John's preamp rack effects aren't really needed for this rig.  The Harmonizers and Quadraverb are multi-fx units to begin with, so again, the HD500 or RP1000 have you covered, even for Leslie tones.

Assuming you look for good deals, you can have a similar rig to JP for under $1,000.  If you want to spend a little more, you can add the use of some other effects pedals like the Eventide stompboxes, a higher quality Leslie, and even a harmonica specific overdrive pedal from someone like the Lone Wolf Blues Company. 

There are cons to this approach.  Not all the multi-fx units do exactly the same effects in exactly the same way.  For example, dialing in JP's synth sounds is tricky.  I also haven't nailed his pitch shifted delays. 

Harmonica Lessons with John Popper

What Key of Harp Do I Use? from

What Key Of Harp Do I Use?

This page was originally written by Blues Traveler fan and harmonica player Zack Scott. At the same time, fellow fan and harp player Rob Lowe was maintaining his own list of corrections and updates to Zack's list. Zack maintained the page on his site for years, but upon the closing of his site, we borrowed his information, combined it with Rob's, and made it available here. Many thanks to Zack and Rob for their hard work! Thanks also to Dean Heuke for getting the keys for North Hollywood Shootout from John via Twitter. All keys given are for playing in second position.

Official Releases

Blues Traveler
Travelers & Thieves
  • The Tiding: A
  • Onslaught: A>D>A>D>A>D
  • Ivory Tusk: G>D>G>D>A>G>D>G>A>G
  • What's For Breakfast: G>D>G>D>A
  • I Have My Moments: G
  • Optimistic Thought: D>E
  • The Best Part: F
  • All In The Groove: Eb
  • Support Your Local Emperor: F>A>F
  • Bagheera: F
  • Mountain Cry: F
Save His Soul
  • Trina Magna: Eb>Ab>Eb>Ab>Eb>Ab>B>F#
  • Love & Greed: B
  • Letter From A Friend: C
  • Believe Me: G
  • Go Outside & Drive: C
  • Defense & Desire: G
  • Whoops: D
  • Manhattan Bridge: C
  • Love Of My Life: G
  • NY Prophesie: C
  • Save His Soul: D
  • Bullshitter's Lament: D
  • Conquer Me: D>A>D
  • Fledgling: F>Eb
  • Run-Around: C
  • Stand: D>Ab>D>Ab>D>Ab>D
  • Look Around: F (no harp part)
  • Fallible: B
  • The Mountains Win Again: C>D>C
  • Freedom: G
  • Crash Burn: D
  • Price To Pay: A
  • Hook: D
  • The Good, The Bad, And The Ugly: A>D>A>D>A (can also use E)
  • Just Wait: D (no harp part, can also use 3rd position on a G)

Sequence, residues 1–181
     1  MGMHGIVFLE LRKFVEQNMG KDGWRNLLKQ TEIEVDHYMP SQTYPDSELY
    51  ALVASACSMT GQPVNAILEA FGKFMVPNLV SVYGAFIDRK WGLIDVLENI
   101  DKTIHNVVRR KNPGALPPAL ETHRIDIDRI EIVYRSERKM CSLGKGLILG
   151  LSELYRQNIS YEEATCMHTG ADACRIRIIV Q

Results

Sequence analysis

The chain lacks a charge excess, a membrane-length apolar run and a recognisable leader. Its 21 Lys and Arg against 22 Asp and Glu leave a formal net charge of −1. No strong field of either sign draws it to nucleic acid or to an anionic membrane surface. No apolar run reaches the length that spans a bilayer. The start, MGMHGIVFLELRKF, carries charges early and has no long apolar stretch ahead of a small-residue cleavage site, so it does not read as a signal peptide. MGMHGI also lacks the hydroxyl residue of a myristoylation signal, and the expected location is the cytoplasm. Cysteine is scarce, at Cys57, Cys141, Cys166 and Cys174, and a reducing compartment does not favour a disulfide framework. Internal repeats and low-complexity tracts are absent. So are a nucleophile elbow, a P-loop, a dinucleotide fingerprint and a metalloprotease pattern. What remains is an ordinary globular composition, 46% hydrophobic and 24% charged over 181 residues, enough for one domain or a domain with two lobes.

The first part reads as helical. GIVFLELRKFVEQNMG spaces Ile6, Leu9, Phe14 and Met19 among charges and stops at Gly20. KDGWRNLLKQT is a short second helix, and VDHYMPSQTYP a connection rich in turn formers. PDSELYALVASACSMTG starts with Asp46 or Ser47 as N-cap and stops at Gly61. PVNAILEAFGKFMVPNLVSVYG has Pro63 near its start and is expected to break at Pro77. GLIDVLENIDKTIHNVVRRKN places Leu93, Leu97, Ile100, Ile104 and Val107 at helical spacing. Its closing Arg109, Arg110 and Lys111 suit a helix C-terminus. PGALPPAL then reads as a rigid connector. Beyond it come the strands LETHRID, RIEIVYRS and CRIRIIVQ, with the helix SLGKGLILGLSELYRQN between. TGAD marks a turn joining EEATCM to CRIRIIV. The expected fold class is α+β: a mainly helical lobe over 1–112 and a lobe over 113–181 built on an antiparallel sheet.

• Brother John: A>C>A>C>A
Run-Around CD-5 (only lists songs not on other albums)
Live From The Fall (only lists songs not on other albums)
  • Closing Down The Park: E
  • Imagine: F>C>F
Straight On Till Morning
  • Carolina Blues: A
  • Felicia: D
  • Justify The Thrill: D>G>D
  • Canadian Rose: E
  • Business As Usual: A
  • Yours: C
  • Psycho Joe: F
  • Great Big World: C
  • Battle Of Someone: F
  • Most Precarious: A
  • The Gunfighter: C
  • Last Night I Dreamed: D
  • Make My Way: Bb
Canadian Rose CD-5 (only lists songs not on other albums)
  • Diner: E>A>E>D>A>E
  • Just For Me: Db
  • Back In The Day: D
  • You Reach me: G>E
  • All Hands: C
  • The Way: C
  • Sadly A Fiction: A
  • You Lost Me There: F
  • Girl Inside My Head: E (?)
Truth Be Told
  • Unable To Get Free: D
  • Eventually: A
  • Sweet & Broken: Bb
  • My Blessed Pain: E
  • Let Her & Let Go: A
  • Thinnest Of Air: Ab
  • Can't See Why: Low E(?)>E
  • Stumble & Fall: C
  • This Ache: A
  • Mt. Normal: C
  • The One: D
  • Partner In Crime: A>D>A
North Hollywood Shootout
  • Forever Owed: Bb
  • You, Me & Everything: G
  • Love Does: F
  • Borrowed Time: E
  • The Beacons: G
  • Orange In The Sun: G#
  • What Remains: F
  • How You Remember It: D
  • The Queen Of Sarajevo: A
  • Free Willis: E / G
  • Miserable Bastard: Eb
  • Growing In Dirt: D
  • Tip The Domino: Eb
  • Love For Free: C
  • Evil In My Chair: B
  • Lunatic: E
  • Open Letter: Ab
  • I Wanna Take You Higher: D
  • Pattern: A
  • The Path: F


  • And So It Goes: D
  • Circle: D
  • Jabberwock: A
  • Maybe I'm Wrong: C
  • Mother Funker: G
  • Chan's Groove: G
  • Come Together: G
  • Five To One: D
  • Gloria: A
  • Johnny B. Goode: E>F>F#
  • Miss You: D
  • Rock Me Baby: E
  • Should I Stay Or Should I Go: C
  • The Star-Spangled Banner: varies
  • The Devil Went Down To Georgia: C>D>C
  • No Woman, No Cry: F

Popper's Blues Traveler Rig for 2012 Straight from JP

Popper's Mesa Boogie Lonestar Settings from Rob Lowe (2011)

Popper's Duskray Troubadour Rig Shot from (2011)

John used a Mesa Boogie Lonestar while playing with his band, Duskray Troubadours.  The small Guyatone amp is still used for feedback.

Arian Stevens' Sweet Rig Shot (2011)